Home Office and Uncertainty
COVID-19: The Economists' Experience
That the world of work has radically changed we know, we see it before our eyes: kitchens have replaced offices; pyjamas, suits; and housemates often now fill the space previously occupied by colleagues. But how have these changes - and others - been felt by economists around the world? Through a textual analysis undertaken in the INOMICS Salary Survey, we answer that question and, in doing so, paint an anecdotal picture of economists’ COVID experience.
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Fortunately, most economists - particularly researchers - have been able to home-office throughout the crisis, transitioning with some ease, with much of their work already reliant solely on access to a computer. This is reflected by almost two thirds of economists reporting that, besides the migration home, they’ve experienced no change to their work. In the words of one: ‘it’s all remained the same’.
This, however, cannot be said of teachers, for whom the transition to online learning, while mostly possible, has invariably been a bumpy road. Capturing the prevailing mood, teachers described E-teaching as ‘difficult, time-consuming and boring’, bemoaned their lack of ‘technical help’, and spoke of increased ‘inefficiency’ that had led to ‘an increased workload’. Students mirrored this frustration, though for different reasons. They cited reduced tutor contact hours as a disruptive influence, and were also dismayed by the closure of libraries. For many, though, it’s the future that is the greatest cause of concern.
The scarcity of job opportunities was reported multiple times as a primary consequence of the pandemic, a concern expressed often by those on the verge of graduation, or early in their careers. This development will be especially worrisome for those straddled with enormous student loan debt (American student loan debt stands $1.5 trillion) who now face an increasingly precarious future. The prospect of which, according to testimonies from this cohort, has prompted increases in ‘mental stress’, ‘anxiety’, and a fear of perpetual joblessness, all compounded by knowledge that, in certain areas, the worst of the pandemic could be yet to come.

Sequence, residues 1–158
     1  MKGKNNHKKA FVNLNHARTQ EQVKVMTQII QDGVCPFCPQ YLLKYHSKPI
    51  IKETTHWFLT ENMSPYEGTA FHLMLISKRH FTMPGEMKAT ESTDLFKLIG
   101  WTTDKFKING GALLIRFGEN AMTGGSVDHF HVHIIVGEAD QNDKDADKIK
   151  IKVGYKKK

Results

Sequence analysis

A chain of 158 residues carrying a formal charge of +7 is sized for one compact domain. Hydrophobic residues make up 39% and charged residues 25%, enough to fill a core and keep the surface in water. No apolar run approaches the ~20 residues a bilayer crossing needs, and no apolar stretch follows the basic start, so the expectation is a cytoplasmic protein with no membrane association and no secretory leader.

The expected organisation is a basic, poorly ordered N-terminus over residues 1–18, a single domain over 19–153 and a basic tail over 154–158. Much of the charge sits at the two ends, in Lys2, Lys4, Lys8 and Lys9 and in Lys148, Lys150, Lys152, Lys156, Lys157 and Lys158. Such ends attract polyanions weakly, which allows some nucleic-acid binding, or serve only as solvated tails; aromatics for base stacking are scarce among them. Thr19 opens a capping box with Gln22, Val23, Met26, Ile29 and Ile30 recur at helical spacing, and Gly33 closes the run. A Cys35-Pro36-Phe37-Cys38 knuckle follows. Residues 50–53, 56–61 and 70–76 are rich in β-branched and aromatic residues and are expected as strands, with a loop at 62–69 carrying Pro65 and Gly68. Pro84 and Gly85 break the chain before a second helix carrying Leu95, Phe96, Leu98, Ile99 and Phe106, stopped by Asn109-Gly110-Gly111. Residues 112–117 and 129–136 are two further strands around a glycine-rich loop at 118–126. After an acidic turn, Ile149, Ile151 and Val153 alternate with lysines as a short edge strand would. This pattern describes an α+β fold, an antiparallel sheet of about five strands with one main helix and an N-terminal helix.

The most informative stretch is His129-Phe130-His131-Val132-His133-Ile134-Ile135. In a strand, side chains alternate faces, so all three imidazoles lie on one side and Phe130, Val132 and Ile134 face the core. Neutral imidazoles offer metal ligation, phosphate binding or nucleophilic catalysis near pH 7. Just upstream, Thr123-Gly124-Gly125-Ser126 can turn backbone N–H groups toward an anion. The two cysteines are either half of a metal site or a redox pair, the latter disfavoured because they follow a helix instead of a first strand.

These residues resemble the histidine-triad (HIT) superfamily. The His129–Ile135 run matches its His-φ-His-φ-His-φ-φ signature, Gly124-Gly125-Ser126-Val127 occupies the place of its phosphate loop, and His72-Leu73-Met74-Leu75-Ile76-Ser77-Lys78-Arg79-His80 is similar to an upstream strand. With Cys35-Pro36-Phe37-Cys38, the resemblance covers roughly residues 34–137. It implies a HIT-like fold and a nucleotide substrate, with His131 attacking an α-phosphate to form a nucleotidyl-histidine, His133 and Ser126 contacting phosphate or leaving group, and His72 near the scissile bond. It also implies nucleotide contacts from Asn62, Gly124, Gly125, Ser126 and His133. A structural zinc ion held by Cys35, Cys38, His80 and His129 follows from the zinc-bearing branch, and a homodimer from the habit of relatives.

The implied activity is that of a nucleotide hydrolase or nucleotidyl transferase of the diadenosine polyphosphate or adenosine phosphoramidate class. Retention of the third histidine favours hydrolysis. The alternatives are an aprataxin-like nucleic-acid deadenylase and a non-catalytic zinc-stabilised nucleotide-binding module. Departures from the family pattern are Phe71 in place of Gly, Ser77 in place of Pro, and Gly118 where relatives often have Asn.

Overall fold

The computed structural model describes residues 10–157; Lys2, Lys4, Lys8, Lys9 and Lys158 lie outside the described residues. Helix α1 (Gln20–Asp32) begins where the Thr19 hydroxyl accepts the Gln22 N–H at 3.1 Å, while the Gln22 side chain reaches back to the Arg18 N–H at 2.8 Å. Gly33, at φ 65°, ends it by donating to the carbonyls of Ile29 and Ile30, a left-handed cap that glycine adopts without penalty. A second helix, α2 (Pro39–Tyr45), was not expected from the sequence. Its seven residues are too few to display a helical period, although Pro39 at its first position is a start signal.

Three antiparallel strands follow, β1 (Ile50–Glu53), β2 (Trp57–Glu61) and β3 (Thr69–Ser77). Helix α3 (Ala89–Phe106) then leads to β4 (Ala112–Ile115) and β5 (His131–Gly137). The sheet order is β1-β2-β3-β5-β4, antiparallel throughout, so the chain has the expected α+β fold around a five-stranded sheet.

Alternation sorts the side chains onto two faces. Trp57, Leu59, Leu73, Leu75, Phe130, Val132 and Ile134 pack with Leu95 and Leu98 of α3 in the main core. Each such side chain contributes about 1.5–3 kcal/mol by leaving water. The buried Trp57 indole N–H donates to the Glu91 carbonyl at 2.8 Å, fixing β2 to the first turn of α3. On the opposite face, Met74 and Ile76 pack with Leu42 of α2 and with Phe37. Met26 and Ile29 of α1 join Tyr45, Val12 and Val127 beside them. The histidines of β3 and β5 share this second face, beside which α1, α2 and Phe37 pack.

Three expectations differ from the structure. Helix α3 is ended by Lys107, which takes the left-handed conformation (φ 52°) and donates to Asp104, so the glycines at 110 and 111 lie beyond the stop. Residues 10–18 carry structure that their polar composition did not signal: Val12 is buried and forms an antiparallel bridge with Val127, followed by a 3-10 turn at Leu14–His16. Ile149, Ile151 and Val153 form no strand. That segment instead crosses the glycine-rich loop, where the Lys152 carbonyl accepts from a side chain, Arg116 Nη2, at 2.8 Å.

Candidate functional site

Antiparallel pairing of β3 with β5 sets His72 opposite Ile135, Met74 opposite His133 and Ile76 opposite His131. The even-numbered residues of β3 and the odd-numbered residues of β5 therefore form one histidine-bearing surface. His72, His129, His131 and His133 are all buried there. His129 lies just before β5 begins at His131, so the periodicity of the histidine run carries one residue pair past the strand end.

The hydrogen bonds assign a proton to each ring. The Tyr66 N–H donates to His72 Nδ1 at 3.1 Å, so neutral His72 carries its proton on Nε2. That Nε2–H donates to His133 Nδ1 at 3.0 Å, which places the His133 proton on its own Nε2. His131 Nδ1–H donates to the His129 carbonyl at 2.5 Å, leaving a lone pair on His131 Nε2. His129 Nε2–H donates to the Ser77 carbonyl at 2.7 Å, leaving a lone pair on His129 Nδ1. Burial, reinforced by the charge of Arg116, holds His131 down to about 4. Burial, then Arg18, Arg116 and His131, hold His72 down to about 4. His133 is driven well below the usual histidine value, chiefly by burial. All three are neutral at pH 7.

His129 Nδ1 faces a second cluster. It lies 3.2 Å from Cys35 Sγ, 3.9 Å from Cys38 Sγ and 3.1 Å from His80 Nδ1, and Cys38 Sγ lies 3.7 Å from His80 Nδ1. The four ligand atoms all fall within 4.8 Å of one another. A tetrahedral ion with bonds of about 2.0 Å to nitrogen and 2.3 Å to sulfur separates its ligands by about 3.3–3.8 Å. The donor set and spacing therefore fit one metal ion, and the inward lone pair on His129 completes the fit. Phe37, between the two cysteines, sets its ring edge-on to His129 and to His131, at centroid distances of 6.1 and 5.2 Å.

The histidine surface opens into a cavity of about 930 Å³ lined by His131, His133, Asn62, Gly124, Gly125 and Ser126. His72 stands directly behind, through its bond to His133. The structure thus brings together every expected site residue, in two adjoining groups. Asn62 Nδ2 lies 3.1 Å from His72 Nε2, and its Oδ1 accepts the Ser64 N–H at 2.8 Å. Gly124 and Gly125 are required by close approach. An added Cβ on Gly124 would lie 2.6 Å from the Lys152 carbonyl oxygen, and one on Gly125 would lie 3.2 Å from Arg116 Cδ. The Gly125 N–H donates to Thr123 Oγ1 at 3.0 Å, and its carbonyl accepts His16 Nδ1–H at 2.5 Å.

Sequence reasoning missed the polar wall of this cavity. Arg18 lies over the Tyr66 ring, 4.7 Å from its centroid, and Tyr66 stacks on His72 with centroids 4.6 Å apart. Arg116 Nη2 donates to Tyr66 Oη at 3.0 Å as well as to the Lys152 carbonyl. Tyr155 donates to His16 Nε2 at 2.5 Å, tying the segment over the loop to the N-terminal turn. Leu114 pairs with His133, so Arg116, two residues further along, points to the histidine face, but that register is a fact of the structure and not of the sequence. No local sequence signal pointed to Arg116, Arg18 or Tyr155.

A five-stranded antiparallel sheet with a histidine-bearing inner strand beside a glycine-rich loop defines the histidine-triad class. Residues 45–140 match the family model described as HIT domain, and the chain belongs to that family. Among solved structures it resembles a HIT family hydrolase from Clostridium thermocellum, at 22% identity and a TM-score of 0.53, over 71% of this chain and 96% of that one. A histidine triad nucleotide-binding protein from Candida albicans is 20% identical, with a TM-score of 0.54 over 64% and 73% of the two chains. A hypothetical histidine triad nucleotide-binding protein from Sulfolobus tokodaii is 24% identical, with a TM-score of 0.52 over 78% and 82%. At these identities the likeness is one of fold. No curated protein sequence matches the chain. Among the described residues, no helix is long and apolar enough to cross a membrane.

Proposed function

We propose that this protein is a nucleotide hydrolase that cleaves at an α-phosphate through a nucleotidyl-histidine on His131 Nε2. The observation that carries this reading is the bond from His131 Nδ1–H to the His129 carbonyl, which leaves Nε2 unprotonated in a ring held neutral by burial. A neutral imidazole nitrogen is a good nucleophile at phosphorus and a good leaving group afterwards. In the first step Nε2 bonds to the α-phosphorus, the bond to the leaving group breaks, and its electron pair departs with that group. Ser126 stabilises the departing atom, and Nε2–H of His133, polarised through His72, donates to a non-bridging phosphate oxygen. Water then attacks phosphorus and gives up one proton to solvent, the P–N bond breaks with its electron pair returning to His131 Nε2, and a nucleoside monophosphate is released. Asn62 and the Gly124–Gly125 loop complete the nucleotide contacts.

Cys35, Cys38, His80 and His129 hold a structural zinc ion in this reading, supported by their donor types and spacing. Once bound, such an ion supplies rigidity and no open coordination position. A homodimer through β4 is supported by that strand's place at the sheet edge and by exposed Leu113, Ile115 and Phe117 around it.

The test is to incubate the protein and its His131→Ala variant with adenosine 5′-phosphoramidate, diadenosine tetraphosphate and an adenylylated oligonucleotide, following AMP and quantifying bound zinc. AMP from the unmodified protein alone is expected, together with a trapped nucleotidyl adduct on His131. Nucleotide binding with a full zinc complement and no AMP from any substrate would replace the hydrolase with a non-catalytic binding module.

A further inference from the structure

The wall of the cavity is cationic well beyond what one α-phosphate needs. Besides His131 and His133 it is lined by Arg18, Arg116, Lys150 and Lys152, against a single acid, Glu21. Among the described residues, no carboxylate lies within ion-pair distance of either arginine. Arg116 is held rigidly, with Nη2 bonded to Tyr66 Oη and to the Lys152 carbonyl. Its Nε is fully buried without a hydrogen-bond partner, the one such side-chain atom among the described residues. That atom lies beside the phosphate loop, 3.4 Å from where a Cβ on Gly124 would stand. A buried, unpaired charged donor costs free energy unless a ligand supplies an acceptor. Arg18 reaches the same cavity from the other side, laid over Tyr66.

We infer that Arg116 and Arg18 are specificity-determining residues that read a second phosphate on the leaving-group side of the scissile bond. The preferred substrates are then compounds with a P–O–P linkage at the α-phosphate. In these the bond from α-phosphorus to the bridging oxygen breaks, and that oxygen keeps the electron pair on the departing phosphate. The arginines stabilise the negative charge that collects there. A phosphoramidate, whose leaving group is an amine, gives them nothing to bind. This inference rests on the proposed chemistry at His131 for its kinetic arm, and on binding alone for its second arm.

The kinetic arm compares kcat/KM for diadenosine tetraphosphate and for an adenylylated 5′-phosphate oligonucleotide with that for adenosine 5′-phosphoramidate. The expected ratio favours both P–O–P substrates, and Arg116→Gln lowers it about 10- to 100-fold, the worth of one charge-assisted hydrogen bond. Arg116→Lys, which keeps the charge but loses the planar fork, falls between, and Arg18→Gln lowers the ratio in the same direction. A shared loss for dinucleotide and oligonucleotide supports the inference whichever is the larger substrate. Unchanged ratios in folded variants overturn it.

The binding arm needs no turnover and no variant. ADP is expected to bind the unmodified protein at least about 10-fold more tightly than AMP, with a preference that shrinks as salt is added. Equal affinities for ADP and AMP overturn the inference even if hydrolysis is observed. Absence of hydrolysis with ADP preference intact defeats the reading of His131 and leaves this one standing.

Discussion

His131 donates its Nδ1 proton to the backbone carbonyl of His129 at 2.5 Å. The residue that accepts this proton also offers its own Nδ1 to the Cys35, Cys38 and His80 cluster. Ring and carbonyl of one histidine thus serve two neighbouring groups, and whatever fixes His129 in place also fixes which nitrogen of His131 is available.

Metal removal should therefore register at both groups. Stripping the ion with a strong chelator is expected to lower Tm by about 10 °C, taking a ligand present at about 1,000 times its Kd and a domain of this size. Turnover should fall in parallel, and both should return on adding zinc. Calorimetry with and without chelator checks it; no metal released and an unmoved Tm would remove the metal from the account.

The demand for diminishing work was also noted to have negatively affected worker power, empowering the employer. Articulating this emerging reality, one economist predicted that ‘labor struggles for fair pay [would] continue in the long term’, while an economics PhD relayed, in slightly more dramatic terms, that labor relations at their workplace ‘were destroyed’.
Another frequent story was that of ‘delayed promotions’, almost 10% of survey participants reporting a promotion postponed as a result of the pandemic. Epitomising this experience, one researcher explained that his promotion was ‘postponed because my research has stalled. I cannot go for visiting research stays in universities and research institutes locally and internationally. And without research, my work has been made redundant as I now do mostly teaching, lecturing and administrative work online from home.’ Such disillusion was not uncommon.
A sizable number have also lost their jobs, around 6% of survey participants, and the prospect of this number increasing is having a significant effect, many noting a pervading ‘atmosphere of uncertainty’, aptly captured by one economist who spoke of the looming ‘threat of future redundancies’ that hovered over his workplace.
Put in perspective, though, economics has, by-and-large, been able to work on through, placing it among the luckier industries. The discipline can also be both proud of the work it’s continued to produce and the role it’s assumed responding to the crisis. There’s little doubt - in the face of the pandemic economists have risen to the challenge.